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Prevailing Wage Bill Will Hurt New Yorkers In Need of Affordable Housing

Deborah VanAmerongen, Rick Higgins, Judy Calogero, Brian Lawlor and Darryl Towns, Wed, Mar 13th, 2019 3:59:01 am
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Prevailing wage bill will hurt New Yorkers in need of affordable housing (Commentary)
Today 7:22 AM

By Special to Syracuse.com

Deborah VanAmerongen, Rick Higgins, Judy Calogero, Brian Lawlor and Darryl Towns are all former commissioners of New York State Homes and Community Renewal (HCR). See below for their current affiliations.

By Deborah VanAmerongen, Rick Higgins, Judy Calogero, Brian Lawlor and Darryl Towns

New York's housing affordability crisis is not just a New York City issue – it is a statewide challenge that we must work collaboratively to address. The need for affordable housing continues to grow nationwide and statewide. And while housing experts in New York City have already raised the alarm about the impact of new state legislative proposals on the future of affordable housing, the reality is that those same concerns exist outside the city too – on Long Island and Upstate, as well.

More than half of renters in Nassau, Erie, Onondaga and Monroe Counties – just to name a few – are struggling to afford to stay in their homes. More affordable housing is needed throughout all corners of our state – and it is needed now.

That is why we, in our capacity as former commissioners of New York State Homes and Community Renewal (HCR), are urging the state Legislature to reject a bill that would expand the definition of public works to include many private construction projects statewide, including affordable housing. This bill (S.1947/A.1261) would result in significant, unnecessary increases in construction costs across New York and stop tens of thousands of affordable homes from being built over the coming years.

It is already very difficult to build and preserve housing for low- and middle-income families and seniors in New York due to rising construction costs, which means that these projects typically rely on tax incentives or public subsidies to move forward. Our state must take great care to manage costs on affordable housing developments, as any potential increases can prevent projects in the pipeline from ever getting off the ground.

In that regard, the public works legislation is so concerning because it would expand construction prevailing wage mandates to include private projects that receive public subsidies or incentives, which means that virtually all planned affordable housing projects across the state would be covered by the new requirement.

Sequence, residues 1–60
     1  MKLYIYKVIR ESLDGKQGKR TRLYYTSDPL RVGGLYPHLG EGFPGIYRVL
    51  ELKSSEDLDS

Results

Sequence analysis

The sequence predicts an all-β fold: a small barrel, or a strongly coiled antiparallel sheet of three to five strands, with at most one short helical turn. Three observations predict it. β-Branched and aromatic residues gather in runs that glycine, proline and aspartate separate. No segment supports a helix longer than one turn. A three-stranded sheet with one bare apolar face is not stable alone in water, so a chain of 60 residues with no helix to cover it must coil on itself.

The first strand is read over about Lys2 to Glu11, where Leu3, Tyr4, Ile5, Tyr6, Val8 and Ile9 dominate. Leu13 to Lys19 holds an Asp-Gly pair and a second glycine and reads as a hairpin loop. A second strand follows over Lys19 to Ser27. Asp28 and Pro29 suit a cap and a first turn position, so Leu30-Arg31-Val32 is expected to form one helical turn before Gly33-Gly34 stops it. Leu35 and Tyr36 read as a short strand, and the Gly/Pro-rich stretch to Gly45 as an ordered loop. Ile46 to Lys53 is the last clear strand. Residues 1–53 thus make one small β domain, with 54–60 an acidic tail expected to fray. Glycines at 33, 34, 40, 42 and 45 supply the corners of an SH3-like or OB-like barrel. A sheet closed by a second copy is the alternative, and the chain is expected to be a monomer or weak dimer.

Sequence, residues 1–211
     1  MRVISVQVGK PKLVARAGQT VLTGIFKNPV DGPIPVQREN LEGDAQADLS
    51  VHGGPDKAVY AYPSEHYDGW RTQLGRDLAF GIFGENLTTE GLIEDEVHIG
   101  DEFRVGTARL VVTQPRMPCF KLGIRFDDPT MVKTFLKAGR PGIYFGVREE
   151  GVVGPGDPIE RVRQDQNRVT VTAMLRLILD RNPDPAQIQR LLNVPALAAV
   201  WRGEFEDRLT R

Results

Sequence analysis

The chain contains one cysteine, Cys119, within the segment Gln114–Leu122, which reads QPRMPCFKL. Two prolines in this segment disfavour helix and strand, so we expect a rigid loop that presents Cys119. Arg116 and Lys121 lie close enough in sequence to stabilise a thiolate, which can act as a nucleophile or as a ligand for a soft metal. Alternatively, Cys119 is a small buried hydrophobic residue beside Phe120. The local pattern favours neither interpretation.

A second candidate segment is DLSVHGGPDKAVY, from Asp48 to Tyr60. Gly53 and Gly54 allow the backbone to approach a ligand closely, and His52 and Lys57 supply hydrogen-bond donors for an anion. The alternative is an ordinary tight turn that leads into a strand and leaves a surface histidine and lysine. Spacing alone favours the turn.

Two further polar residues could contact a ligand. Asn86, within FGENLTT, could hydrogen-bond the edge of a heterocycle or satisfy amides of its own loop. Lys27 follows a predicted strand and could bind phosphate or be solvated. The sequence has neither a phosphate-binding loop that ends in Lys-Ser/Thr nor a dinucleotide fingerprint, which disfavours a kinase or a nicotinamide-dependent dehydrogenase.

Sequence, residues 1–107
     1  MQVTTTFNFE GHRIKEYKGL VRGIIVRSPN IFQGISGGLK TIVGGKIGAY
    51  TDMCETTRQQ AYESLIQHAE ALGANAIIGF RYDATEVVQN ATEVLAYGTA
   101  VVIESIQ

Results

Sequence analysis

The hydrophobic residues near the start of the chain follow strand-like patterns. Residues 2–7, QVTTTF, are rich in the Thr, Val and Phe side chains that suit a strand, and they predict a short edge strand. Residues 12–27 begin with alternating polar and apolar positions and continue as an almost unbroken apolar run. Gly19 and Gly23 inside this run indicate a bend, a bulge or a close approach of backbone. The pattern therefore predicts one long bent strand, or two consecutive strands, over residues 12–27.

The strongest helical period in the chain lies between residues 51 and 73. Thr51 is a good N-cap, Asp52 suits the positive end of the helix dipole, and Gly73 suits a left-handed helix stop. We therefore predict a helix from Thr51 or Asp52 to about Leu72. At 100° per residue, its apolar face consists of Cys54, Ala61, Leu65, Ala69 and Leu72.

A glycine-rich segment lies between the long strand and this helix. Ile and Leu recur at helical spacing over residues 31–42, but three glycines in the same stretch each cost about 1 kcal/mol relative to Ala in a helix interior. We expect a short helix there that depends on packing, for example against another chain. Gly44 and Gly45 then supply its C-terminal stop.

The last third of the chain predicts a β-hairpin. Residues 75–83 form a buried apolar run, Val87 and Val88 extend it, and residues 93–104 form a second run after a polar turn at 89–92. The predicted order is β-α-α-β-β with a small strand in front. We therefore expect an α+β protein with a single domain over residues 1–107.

Studies show that new prevailing wage mandates would increase construction costs by nearly 25 percent. That is significant enough to offset or exceed any public financial assistance those projects receive, leaving them back at square one and simply not feasible.

If it becomes impossible to building new affordable housing projects, tens of thousands of families and seniors – not just Downstate, but Upstate, too – will be paying the price.

The silver lining here is that the Legislature already worked with Gov. Andrew Cuomo to provide $2.5 billion to build and preserve affordable housing, as part of the governor's unprecedented $20 billion, five-year plan to address the statewide housing and homelessness crisis. The initiative is already bearing fruit, with thousands of affordable units built or in the pipeline.

But that effort will not achieve its goals if the Legislature passes an expansion of prevailing wage requirements and undermines its own plans and makes it harder than ever to finance and build much-needed housing for low- and middle-income families and seniors.

When it comes to our shared mission of providing housing for all, we must move forward, not backward. That means recognizing the grave risks posed by new prevailing wage legislation, rejecting the bill and finding a better path forward for all New Yorkers.

Current affiliations for the former HCR commissioners: Rick Higgins works with Norstar Development. Deborah VanAmerongen is a consultant with Nixon Peabody. Brian Lawlor is a consultant with Mazzotta, Sherwood and Vagianelis. Judy Calogero is a consultant with Calogero Partners. Darryl Towns works for American Airlines. The views expressed are those of the individuals who wrote it and do not represent the views of the firm of Nixon Peabody.


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